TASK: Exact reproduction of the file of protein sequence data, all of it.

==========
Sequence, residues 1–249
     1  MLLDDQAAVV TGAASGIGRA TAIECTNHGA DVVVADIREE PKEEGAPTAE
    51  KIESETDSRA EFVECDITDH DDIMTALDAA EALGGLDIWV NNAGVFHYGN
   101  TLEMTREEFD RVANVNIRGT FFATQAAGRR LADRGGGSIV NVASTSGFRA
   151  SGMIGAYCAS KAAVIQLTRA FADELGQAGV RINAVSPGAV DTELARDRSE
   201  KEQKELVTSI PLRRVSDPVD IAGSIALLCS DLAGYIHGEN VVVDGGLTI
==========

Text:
Sequence, residues 1–249
     1  MLLDDQAAVV TGAASGIGRA TAIECTNHGA DVVVADIREE PKEEGAPTAE
    51  KIESETDSRA EFVECDITDH DDIMTALDAA EALGGLDIWV NNAGVFHYGN
   101  TLEMTREEFD RVANVNIRGT FFATQAAGRR LADRGGGSIV NVASTSGFRA
   151  SGMIGAYCAS KAAVIQLTRA FADELGQAGV RINAVSPGAV DTELARDRSE
   201  KEQKELVTSI PLRRVSDPVD IAGSIALLCS DLAGYIHGEN VVVDGGLTI